See you soon in Torino.

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Low Expectations? Stabilization and stability operations as the ‘new normal’ in international interventions

We are pleased to present the workshop “Low Expectations? Stabilization and stability operations as the ‘new normal’ in international interventions”. This terrific workshop will take place at the University of Trento, in February (2nd-3rd, Department of Sociology and Social Research).

Here you’ll find all the details.

Here below additional info on the event and the programme.

The notion of “stability” and the practice of “stability operations” experienced a resurgence in the last decade. The United Nations, with operations in Haiti, in the Central African Republic, in the Democratic Republic of Congo and in Mali has re-framed the lexicon and practice of its interventions in this direction. NATO has been similarly focusing on “projecting stability” as one of the cornerstones to guarantee the Alliance’s security.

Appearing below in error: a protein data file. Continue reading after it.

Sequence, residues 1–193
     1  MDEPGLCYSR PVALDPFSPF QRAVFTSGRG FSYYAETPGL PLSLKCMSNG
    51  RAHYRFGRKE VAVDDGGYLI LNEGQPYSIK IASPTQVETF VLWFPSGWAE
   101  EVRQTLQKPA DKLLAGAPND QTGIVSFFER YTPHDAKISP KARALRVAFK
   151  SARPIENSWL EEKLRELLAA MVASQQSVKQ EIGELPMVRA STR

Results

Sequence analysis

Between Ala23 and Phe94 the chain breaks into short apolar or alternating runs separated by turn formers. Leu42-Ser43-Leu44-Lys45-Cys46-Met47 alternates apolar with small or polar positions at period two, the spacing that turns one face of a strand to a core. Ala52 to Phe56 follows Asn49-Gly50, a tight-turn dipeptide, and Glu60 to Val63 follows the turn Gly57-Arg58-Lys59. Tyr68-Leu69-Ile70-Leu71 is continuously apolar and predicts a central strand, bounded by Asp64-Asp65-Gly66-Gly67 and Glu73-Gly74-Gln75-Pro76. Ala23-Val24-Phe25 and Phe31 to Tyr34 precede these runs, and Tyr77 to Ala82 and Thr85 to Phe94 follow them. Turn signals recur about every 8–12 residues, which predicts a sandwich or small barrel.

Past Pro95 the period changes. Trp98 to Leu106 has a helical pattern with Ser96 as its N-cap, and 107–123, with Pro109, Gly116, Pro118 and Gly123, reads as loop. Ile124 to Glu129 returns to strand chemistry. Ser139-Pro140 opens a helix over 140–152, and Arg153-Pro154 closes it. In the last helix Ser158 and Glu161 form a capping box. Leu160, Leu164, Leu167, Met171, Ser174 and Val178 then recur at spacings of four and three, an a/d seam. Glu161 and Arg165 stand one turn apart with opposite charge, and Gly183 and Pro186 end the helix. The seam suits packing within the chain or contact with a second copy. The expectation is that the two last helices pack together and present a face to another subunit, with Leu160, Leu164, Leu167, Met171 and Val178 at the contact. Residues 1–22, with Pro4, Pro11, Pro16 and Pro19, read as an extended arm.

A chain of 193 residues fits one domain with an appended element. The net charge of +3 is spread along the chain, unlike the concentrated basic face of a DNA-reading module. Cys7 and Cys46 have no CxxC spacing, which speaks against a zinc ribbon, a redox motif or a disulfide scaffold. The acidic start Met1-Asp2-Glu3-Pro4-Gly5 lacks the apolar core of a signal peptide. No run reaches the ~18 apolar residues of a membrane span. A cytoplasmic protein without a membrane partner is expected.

The reasons for such re-framing are diverse. The lengthy, costly and casualty-heavy wars in Afghanistan and Iraq inevitably led to intervention fatigue. In the last decade or so, either interventions in conflict-ridden countries did not take place (as in Syria) or were based on minimal footprint (as in Libya), at least compared to the previous large-scale operations with ambitious social, economic and political engineering goals. In this evolving context, the conceptual and operational parameters of these stabilization interventions are still opaque.